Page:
Epidurals during birthing have become so routine, as mothers are being convinced that pain during labor is unnatural. Convinced that they should not endure pain during the birth process, mothers are set up to believe in a drug instead of their bodies’ own natural capabilities. Sixty four percent of certified nurse midwives reported concern over the increased number of their clients who desire epidural anesthesia, and a majority of certified nurse-midwives surveyed (53%) reported a negative attitude toward the increased use of epidurals. 1
We started including questions about births years ago on our children’s case history and 9 times out of 10, mothers will check off that they had a “natural childbirth” and in the next question, they check off that they had an epidural. In other words, if they delivered vaginally, and their eyes were open, they are being led to believe that they delivered naturally.
What is not being provided to the parents is the increased complications which are a result of epidural usage. The PDR2 cautions that “local anesthesia rapidly crosses the placenta…and when used for epidural blocks, anesthesia can cause varying degrees of maternal, fetal and neonatal toxicity.” It continues, “this toxicity can result in the following side effects: hypotension, urinary retention, fecal and urinary incontinence, paralysis of lower extremities, loss of feeling in the limbs headache, backache, septic meningitis, slowing of labor, increased need for forceps and vacuum deliveries, cranial nerve palsies, allergic reactions, respiratory depression, nausea, vomiting and seizures.” Many of these side effects result in multiple complications. For example, maternal hypotension causes bradycardia (decreased heart rate) in the fetus. This altered heart rate can lead to fetal distress and operative deliveries.3
This has led doctors to warn “a high concentration anesthetics and epinephrine should be avoided, as they may influence labor.”
Things to Know About Epidurals:
1. Causes longer labors with slower progress.5 6
2. Can cause fevers in mothers during childbirth. 7
3. Increase use of pitocin by as much as 3 ½ times, which causes slow and irregular contractions. 5 8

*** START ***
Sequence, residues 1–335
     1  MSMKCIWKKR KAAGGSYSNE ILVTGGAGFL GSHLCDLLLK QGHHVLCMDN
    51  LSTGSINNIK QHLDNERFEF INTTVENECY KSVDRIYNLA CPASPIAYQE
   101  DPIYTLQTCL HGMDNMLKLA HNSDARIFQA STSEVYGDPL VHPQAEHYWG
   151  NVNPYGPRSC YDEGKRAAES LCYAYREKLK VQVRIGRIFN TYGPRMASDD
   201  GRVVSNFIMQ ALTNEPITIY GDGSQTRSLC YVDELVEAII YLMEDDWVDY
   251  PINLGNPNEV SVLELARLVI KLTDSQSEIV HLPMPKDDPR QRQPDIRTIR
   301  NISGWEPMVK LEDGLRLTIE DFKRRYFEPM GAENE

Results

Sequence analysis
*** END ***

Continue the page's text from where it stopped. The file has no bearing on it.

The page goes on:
4. Increases use of antibiotics in your baby by as much as 4 times. 4
5. Increases use of forceps by as much 4½ – 20 times.5
6. Causes neonatal jaundice due to altered red blood cells. 9
7. Increases the incidence of birth trauma due to the use of mechanically assisted deliveries. 10 11
8. Causes adverse behavioral effects of the neonate. 12
In order to bring about a reversal in epidural usage, mothers must become educated not only on its potential side effects, but on their bodies’ own ability to give birth naturally. The overwhelming fear associated with birth has become a learned behavior in our culture. Fear causes additional muscular tension in the body, resulting in decreased blood supply to organs and therefore impaired uterine function. It is our privilege and obligation as Chiropractors to care for these women throughout their pregnancies, offering them encouragement and educating about choices for their upcoming experience. I have been told by many chiropractors (and have heard it in our own practice) how women look forward to their visit with us because we treat the process of pregnancy with respect, and we enhance the mothers confidence in her own innate abilities.
Jeanne Ohm, D.C., F.I.C.P.A. – Originally Printed in: I.C.P.A. Newsletter March/April 1999 By Randall Neustaedter OMD, LAc, CCH | Published 8/11/2004 | Diseases and Conditions: Prevention and Treating | Excerpt from Child Health Guide, North Atlantic Books, 2005
1. Graninger EM; McCool WP. Nurse-midwives’ use of and attitudes toward epidural analgesia. J Nurse Midwifery 1998; 43(4):250-61
2. 1996 Physicians Desk Reference
3. Stavrou C; Hofmeyr GJ; Boezaart AP. Prolonged fetal bradycardia during epidural analgesia. Incidence, timing and significance. S Afr Med J 1990; 77(2):66-8
4. Thompson TT; Thorp JM Jr; Mayer D; Kuller JA; Bowes WA Jr . Does epidural analgesia cause dystocia? J Clin Anesth 1998; 10(1):58-65
5. Studd JW; Crawford JS; Duignan NM; Rowbotham CJ; Hughes AO. The effect of lumbar epidural analgesia on the rate of cervical dilatation and the outcome of labour of spontaneous onset. Br J Obstet Gynaecol 1980; 87(11): 1015-21
6. Alexander JM; Lucas MJ; Ramin SM; McIntire DD; Leveno KJ. The course of labor with and without epidural analgesia. Am J Obstet Gynecol 1998; 178(3):516-20
7. Lieberman E, Lang JM, Frigoletto F Jr, Richardson DK, Ringer SA, Cohen A, Epidural analgesia, intrapartum fever and neonatal sepsis evaluation. Pediatrics 1997; 99(3): 415-9
8. McRae-Bergeron CE; Andrews CM; Lupe PJ. The effect of epidural analgesia on the second stage of labor. AANA J 1998; 66(2):177-82
9. Clark DA; Landaw SA. Bupivacaine alters red blood cell properties: a possible explanation for neonatal jaundice associated with maternal anesthesia. Pediatr Res 1985; 19(4):341-3
10.Town A. Latent spinal cord and brain stem injuries in newborn infants Develop Ed Child Neural 1969, 11; 54-68
11.Menticoglou SM; Perlman M; Manning FA; High cervical spinal cord injury in neonates delivered with forceps: report of 15 cases. Obstet Gynecol 1995; 86(4 Pt 1):589-94
12.Murray AD; Dolby RM; Nation RL; Thomas DB. Effects of epidural anesthesia on newborns and their mothers. Child Dev1981; 52(1):71-82